“I was brushing a llama that hadn’t been brushed before and he was not happy and spat on me,” Jimbo recalled. “I kept a spray bottle filled with water and whenever he would spit or get ready to, I would give him a little spray and within a week he was not spitting anymore.”
Llamas have an antibody that is currently being researched as a cure for coronavirus. (llamas 2-alpacas 0.)
Maid of honor
After about two hours of hiking and crossing streams, which the sure-footed creatures hopped across with grace, we stopped for lunch. Jimbo put his mask back on and wore gloves as he set out the pre-made sandwiches and crudites, dips, chips and fruits. The sandwiches came from The Smiling Moose in Edwards and the other packaged items from City Market.
Paragon Guides also works with Hovey & Harrison in Edwards and will have complete boxed lunches from the deli in the future.
Our hike in had a steady climb in elevation which was not difficult though might pose a challenge for the younger generation.
If you are not an adept hiker or have little ones, there are various shorter and less challenging hikes that depart from several places throughout the county.
And if you just want to enjoy the llamas, you can have wine and cheese with them at Arrowhead.
“Some people just want the experience of hanging out with the llamas. What’s not to love about them?” Jimbo asked rhetorically.
Llamas have been in attendance at birthday parties and even weddings.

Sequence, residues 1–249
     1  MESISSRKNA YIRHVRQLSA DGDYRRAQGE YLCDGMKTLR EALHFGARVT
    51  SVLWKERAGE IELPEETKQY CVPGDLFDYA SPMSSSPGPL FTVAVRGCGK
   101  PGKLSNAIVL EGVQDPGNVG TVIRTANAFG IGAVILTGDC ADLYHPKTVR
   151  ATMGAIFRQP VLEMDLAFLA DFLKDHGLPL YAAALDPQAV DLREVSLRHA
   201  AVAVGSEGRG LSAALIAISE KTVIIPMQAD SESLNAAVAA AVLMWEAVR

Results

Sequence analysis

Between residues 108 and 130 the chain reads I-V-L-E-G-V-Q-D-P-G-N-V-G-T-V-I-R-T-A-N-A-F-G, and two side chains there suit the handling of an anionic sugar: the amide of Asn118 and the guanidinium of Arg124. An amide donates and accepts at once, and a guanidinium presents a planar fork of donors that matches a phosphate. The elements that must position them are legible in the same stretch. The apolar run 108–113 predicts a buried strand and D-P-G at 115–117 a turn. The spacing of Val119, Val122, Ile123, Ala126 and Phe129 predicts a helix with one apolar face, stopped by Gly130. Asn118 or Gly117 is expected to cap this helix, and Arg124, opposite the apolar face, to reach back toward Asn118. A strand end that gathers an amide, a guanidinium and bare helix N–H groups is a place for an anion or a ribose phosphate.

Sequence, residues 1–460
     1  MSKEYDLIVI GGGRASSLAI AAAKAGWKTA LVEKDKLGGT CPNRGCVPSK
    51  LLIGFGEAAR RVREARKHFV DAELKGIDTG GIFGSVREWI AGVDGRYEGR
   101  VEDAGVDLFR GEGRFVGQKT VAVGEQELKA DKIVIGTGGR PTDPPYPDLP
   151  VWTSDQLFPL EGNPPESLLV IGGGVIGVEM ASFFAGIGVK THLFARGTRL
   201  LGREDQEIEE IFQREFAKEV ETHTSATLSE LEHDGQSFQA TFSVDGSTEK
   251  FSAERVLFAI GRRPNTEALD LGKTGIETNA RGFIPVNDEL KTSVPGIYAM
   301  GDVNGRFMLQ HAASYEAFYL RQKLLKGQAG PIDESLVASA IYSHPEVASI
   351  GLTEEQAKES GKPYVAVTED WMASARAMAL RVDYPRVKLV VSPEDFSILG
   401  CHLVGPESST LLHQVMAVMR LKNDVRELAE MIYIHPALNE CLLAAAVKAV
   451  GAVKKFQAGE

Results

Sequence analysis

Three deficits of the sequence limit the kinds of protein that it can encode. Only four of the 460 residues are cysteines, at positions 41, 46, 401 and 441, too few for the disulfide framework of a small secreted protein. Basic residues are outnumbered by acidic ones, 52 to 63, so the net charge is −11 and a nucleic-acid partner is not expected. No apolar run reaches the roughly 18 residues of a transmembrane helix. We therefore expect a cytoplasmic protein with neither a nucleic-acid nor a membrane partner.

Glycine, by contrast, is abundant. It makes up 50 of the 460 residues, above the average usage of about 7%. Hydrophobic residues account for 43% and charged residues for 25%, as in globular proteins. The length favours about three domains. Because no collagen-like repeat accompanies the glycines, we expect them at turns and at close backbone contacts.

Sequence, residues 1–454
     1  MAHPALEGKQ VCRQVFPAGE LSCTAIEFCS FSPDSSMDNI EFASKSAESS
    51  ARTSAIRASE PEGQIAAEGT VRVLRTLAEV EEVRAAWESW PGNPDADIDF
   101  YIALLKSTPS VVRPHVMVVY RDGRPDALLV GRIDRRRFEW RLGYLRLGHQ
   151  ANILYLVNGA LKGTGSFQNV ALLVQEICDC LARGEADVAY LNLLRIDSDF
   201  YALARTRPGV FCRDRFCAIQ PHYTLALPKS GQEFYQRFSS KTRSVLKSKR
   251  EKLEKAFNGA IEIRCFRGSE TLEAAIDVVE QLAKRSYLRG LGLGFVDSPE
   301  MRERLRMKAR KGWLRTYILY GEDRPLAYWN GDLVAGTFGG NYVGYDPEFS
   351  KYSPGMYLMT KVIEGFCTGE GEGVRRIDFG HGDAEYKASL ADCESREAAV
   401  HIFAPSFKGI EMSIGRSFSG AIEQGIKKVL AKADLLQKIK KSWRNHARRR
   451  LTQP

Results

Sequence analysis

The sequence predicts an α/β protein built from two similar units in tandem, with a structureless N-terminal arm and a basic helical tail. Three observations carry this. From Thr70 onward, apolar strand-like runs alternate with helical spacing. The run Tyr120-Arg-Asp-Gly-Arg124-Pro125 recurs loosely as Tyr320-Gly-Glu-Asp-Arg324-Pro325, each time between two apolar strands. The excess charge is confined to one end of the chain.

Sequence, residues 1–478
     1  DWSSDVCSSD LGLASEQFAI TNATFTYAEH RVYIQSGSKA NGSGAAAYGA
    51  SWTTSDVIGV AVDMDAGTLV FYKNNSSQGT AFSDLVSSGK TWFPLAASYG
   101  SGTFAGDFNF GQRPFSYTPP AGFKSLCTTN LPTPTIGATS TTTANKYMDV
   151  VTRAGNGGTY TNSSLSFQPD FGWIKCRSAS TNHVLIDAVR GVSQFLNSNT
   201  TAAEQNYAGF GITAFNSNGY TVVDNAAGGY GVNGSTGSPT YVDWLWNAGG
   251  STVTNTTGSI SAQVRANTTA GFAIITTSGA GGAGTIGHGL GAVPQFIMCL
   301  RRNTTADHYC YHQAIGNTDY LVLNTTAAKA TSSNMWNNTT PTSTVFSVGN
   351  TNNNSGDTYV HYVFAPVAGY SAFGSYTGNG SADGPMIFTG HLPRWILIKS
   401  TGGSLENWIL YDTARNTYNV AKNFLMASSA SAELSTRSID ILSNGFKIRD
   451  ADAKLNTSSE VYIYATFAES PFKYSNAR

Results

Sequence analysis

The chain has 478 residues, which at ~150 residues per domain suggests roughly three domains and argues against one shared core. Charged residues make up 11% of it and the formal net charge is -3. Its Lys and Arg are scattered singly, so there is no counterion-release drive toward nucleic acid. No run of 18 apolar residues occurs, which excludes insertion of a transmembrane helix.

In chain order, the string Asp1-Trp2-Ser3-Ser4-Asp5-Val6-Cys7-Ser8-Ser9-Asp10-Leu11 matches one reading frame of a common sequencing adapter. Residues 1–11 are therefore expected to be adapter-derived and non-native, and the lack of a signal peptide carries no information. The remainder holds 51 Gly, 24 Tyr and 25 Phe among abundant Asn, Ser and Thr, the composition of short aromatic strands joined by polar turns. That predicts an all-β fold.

Apparently Blue looks great in a wedding veil standing next to the bride.
And for those wanting multi-day excursions there is the popular Vail to Aspen trek which links three 10th Mountain Division huts and the historic Diamond J Guest Ranch between trailheads near Vail and Aspen.
These hut trips are still planned for the summer and will operate in accordance with counties’ guidelines. All guides have minimum certifications and training for medical emergencies in Wilderness First Responder or EMT and CPR.
Jimbo not only takes out llama tours, but he also guides mountain biking, fly-fishing and hiking tours in the summer through Paragon Guides. In the winter he guides their backcountry ski trips and teaches avalanche courses. Indeed safety — and now COVID-19 — precautions are paramount for the company, which has been a valley staple since 1978.
The llamas joined the Paragon crew in 1990 after Paragon owner-founder Buck Elliot found out that the llamas could lighten the burden of camping gear and he didn’t have to feel like a “loaded Christmas tree” when he took his young family out for excursions.
The four llamas on our hike are owned by Paragon Guides. They lease an additional four each summer and when the weather gets warmer they will move from their home on Elliot’s property to stables at Arrowhead.
The “Take a llama to lunch,” tour runs daily and can be modified as needed.
The wine and cheese tours are also a daily event, again each excursion is under the ever-changing COVID-19 restrictions which Paragon Guides monitors daily.
For more information on any of the tours offered by Paragon Guides and information on pricing, call 970-926-5299 or visit http://www.paragonguides.com.